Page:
The auto manufacturer is running a massive print campaign in Peru to help to inform drivers.
Toyota has launched a massive campaign in Peru that has been carefully crafted to appeal to the many smartphone using drivers in that country, through the use of QR codes that they can scan using any free reader app.
The campaign is meant to help to encourage safer driving through the sharing of important information.
With the QR codes in the Toyota road safety campaign, drivers can become more aware of the specific dangers that are posed by the use of a smartphone while driving. This campaign is cleverly designed to use the smartphone as a part of the education process because it speaks specifically to the users of the devices.
The QR codes are a central part of both the campaign and the awareness of the danger from the device used to scan them.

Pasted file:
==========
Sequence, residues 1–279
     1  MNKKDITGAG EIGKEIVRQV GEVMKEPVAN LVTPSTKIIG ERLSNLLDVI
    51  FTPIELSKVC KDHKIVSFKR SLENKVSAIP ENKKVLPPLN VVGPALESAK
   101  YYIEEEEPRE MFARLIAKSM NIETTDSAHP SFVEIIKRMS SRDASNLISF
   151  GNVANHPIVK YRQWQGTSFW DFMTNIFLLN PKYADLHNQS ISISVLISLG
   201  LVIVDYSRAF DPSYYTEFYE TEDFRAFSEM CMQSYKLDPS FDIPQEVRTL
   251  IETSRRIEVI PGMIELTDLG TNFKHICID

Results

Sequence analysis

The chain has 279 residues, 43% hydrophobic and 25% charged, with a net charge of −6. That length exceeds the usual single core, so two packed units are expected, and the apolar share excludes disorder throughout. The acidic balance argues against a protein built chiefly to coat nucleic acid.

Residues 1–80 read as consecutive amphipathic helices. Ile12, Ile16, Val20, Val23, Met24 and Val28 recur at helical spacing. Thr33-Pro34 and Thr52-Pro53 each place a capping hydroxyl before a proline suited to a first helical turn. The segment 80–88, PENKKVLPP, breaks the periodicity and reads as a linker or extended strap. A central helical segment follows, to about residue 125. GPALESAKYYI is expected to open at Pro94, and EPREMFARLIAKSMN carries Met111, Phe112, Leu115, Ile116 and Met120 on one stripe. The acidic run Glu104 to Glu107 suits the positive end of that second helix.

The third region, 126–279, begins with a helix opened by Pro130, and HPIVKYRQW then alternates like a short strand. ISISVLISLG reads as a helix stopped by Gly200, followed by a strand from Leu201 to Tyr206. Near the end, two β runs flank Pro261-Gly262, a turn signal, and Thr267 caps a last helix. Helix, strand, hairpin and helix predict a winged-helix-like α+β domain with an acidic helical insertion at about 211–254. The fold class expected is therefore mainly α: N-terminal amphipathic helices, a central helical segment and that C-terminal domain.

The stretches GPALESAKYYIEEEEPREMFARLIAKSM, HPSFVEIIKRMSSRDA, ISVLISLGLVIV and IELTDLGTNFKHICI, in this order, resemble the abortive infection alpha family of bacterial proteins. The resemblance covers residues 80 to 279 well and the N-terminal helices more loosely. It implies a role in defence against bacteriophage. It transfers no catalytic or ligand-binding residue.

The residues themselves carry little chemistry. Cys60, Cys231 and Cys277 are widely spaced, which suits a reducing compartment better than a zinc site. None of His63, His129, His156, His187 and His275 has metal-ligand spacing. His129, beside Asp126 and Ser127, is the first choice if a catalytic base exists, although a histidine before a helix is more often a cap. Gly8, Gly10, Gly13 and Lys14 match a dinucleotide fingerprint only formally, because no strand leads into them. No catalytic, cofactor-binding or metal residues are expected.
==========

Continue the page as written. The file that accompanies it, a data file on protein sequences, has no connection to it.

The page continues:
The print campaign was made up of images of obstacles in the middle of a road with QR codes displayed on them. When those barcodes were scanned, it allows the user to download a fascinating augmented reality app.
The name of the application was the QR Road App. By running the app, the user can watch the obstacle disappear from the picture on the page, and it is replaced by the message “When you use your smartphone, you can’t really see what’s on the road.”
The QR codes application had already been downloaded more than 120,000 times at the time of the writing of this article. This ranks it among the twenty apps that have been the most successful in the history of Peru. This is precisely the type of use of the barcodes that mobile marketers have been trying to encourage for years, as there has been considerable controversy as to whether or not the technology is worthwhile and effective.
The history of the technology of QR codes goes back to Denso Wave, a subsidiary of Toyota, so it makes great sense that it would be this same auto manufacturer that would put it to such outstanding use more than two decades later. Supporters of the technology can only hope that other marketers will learn from proper usage such as this so that the barcodes can continue to thrive.